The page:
Recognizable by their habits — black tunics with white apron-like “scapulars” and veils — they’ll be based at the Cathedral of St. Paul and are working to transform a former chancery building next to the Cathedral that served as the longtime offices of The Catholic Spirit, into a convent. They hope the work will be done within a year, but they don’t have a firm timeline, Mother Mary Clare said. In the meanwhile, they’ll live at a former convent at St. Michael in West St. Paul.

“Our greatest desire is to be part of the family and to serve the family of the archdiocese in whatever way the Lord desires,” Mother Mary Clare said.

Teachers and models

The Handmaids aren’t the only new community of sisters establishing themselves in the archdiocese. St. Agnes in St. Paul announced July 29 that the Dominican Sisters of Mary, Mother of the Eucharist from Ann Arbor, Michigan, will begin teaching at St. Agnes School and living on the parish campus next year.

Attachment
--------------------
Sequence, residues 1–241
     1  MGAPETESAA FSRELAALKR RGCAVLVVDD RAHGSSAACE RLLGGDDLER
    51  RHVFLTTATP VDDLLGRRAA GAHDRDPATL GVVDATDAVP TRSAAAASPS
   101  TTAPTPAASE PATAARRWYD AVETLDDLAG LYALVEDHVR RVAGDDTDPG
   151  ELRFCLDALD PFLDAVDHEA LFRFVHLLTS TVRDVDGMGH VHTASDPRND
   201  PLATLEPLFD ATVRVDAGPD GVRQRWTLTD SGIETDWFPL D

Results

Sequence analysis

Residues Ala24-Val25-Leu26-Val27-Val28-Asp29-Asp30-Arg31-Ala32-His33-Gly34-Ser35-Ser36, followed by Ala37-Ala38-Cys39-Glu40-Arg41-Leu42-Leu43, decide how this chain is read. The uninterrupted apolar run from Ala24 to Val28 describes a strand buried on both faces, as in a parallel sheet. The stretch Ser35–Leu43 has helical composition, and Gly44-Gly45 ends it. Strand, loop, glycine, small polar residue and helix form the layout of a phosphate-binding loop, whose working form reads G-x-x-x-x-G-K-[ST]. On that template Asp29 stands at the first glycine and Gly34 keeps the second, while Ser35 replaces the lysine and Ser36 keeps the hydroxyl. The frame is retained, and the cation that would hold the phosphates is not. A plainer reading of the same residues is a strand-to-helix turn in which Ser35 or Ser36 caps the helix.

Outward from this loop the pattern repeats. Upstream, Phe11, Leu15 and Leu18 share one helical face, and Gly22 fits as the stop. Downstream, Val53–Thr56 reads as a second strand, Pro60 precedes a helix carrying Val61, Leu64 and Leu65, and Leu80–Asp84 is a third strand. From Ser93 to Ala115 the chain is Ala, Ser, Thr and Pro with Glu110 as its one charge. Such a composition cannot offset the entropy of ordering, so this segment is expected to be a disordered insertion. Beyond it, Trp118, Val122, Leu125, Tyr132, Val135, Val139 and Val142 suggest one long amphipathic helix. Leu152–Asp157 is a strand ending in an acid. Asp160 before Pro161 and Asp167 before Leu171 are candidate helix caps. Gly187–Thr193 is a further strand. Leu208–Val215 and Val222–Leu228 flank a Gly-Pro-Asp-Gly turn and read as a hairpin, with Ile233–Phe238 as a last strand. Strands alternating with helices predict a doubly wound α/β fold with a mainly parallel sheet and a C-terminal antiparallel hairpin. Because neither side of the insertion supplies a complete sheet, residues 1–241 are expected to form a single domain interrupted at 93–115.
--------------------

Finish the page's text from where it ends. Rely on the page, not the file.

The number of sisters the teaching community will send has yet to be determined, but news of their anticipated presence was received warmly by the school and parish. The school has wanted a teaching order to join the faculty since the Sisters of Charity of Our Lady, Mother of the Church, who had been teaching at the school, left a few years ago, said Headmaster Kevin Ferdinandt. He calls the Ann Arbor Dominicans “a perfect fit.”

Not only are the sisters known as stellar educators, but they may also inspire students to consider religious life, he said.